SO! You've decided your law firm needs a shiny new website? Maybe that billboard down County Road 98 just isn't pulling in your high-revenue clientele. Never fear, PAC is here to help you design your website.
In my time here, I have stumbled upon many law firm websites, and few, if any, are well designed. SEO? Screw that. Site maps? Directions are for pussies. Meaningful information about how your firm is different that the one on the floor below? Why the hell would you want your customers to know that? So here you go, the definitive guide to setting up your own law firm website, terribly.
How to Make a Law Firm Website
It is very important to remember that all lawyers are the most tech-savvy people you will ever know. Whatever those lawyers use on their servers must be what everyone else is using, right? Therefore, make sure your website is only compatible with Netscape running 640x480 resolution. Using Firefox? Fuck you.
First, place your firm's name across the top. Use fancy caligraphy or sharp-edged, pronounced letters, but certainly NOTHING in between. The idea here is emphasize that your firm is as old as movable-type printing presses. That's why your website looks like it was originally rolled out by Gutenberg and scanned into Go Daddy. Colors are absolutely evil. Unless it's navy blue. Navy blue looks good, but nothing else. Think in terms of grey. If you can get at least 3 shades of grey on your logo, you're doing awesome. If you're feeling a little frisky, you can take the avant guard route and add one really loud color to your name or logo. However, if it's anything other than abstract minimilistic, go back to square one and stick to grey. And navy blue.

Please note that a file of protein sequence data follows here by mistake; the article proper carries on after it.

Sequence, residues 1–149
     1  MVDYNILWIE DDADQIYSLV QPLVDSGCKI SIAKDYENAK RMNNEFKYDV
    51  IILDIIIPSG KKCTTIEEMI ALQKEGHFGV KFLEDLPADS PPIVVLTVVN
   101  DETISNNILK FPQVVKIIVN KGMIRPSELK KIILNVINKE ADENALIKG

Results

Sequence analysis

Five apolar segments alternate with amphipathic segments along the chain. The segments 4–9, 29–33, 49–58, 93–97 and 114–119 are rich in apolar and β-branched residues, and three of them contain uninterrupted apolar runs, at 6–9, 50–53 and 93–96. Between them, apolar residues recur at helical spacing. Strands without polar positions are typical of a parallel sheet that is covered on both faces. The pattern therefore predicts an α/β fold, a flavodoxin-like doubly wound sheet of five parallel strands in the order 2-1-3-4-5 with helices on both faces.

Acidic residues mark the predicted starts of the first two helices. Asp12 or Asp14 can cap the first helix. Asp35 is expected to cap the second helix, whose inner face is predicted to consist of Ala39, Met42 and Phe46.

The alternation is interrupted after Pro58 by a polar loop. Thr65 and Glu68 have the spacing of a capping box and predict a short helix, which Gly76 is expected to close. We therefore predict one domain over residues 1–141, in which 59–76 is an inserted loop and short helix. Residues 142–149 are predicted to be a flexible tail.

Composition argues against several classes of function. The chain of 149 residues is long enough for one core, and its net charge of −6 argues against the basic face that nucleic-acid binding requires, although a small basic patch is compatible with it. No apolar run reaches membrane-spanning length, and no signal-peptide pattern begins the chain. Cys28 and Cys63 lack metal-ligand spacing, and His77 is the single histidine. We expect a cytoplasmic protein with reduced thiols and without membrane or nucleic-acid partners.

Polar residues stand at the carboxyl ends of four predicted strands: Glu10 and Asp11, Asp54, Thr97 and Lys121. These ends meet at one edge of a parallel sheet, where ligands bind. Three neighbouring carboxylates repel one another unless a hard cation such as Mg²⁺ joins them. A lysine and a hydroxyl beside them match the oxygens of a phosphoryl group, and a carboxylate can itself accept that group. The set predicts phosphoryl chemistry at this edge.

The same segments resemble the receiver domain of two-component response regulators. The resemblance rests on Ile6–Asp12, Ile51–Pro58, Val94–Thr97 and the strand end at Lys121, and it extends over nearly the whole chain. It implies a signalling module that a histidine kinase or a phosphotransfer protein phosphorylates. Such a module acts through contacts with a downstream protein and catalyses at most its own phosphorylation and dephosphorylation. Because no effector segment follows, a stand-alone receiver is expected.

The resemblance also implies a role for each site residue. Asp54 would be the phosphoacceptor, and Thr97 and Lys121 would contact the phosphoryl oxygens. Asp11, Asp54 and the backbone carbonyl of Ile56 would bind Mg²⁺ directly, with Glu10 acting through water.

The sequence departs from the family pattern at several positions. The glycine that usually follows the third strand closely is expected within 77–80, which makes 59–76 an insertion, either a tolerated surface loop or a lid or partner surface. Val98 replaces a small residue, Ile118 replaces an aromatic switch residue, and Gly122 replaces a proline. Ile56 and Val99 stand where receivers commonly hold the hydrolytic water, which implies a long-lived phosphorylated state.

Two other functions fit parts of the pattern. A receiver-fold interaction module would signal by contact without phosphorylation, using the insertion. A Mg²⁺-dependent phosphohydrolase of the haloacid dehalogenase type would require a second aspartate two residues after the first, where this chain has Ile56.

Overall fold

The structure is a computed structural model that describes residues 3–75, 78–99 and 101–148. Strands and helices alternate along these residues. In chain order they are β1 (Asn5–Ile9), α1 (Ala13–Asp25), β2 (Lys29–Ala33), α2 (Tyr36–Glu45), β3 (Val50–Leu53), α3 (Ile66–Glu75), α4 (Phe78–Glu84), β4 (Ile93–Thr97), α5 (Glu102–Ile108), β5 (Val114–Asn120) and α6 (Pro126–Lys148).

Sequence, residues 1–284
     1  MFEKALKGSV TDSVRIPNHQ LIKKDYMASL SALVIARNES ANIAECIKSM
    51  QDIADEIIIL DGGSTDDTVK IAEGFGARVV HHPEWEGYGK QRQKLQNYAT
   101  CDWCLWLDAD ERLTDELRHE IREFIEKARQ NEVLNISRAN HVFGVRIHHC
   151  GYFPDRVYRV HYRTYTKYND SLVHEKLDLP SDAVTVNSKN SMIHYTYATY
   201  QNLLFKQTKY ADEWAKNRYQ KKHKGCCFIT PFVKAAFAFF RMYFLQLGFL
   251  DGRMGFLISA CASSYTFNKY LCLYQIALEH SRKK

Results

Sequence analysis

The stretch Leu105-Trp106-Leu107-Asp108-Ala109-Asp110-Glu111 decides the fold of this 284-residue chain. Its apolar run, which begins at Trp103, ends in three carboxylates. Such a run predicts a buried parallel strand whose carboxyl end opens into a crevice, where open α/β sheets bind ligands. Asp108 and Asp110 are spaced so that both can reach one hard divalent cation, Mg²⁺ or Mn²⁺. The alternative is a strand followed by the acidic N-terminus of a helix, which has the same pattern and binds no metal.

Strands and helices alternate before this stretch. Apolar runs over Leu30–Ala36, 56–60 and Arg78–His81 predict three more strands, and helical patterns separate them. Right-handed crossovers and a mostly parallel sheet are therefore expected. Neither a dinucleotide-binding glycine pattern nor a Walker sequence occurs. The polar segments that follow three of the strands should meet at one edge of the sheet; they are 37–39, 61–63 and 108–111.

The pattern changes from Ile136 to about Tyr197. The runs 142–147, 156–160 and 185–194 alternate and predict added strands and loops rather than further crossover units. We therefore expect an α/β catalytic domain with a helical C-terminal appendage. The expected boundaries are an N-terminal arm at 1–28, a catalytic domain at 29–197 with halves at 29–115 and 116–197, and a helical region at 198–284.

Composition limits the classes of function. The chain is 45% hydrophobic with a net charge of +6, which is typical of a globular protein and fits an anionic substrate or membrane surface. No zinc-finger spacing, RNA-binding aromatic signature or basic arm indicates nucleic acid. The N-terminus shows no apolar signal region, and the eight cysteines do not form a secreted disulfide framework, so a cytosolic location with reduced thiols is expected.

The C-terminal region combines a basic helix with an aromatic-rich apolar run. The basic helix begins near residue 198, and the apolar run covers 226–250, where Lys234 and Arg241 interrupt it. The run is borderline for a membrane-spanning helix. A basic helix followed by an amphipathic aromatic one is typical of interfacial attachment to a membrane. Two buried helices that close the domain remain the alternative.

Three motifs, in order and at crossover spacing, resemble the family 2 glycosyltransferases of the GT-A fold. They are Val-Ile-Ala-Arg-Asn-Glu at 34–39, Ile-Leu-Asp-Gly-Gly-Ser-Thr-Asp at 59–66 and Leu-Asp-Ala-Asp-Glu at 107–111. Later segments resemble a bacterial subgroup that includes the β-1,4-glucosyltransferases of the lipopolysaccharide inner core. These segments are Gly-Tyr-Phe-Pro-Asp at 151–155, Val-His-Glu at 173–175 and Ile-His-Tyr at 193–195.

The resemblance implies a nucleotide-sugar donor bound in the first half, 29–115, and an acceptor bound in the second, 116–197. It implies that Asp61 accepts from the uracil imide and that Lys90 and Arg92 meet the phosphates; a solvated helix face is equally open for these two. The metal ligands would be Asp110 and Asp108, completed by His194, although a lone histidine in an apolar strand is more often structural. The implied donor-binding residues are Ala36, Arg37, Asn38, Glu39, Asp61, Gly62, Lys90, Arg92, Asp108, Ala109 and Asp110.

Next, on the row below, have "About the Firm", "Practice Areas", "Our People/Attorneys", and "Contact us." This is very important. If you do not have these things, your state bar association may sue you, kidnap your children, and neuter your dog. If you have anything else on this line, they'll probably do worse. Innovation is the devil. Secondly, it's very important that each of these fonts be black on white background. High contrast is critical to catching the eye of that geriatric that is using the interwebs to scout his new will-maker.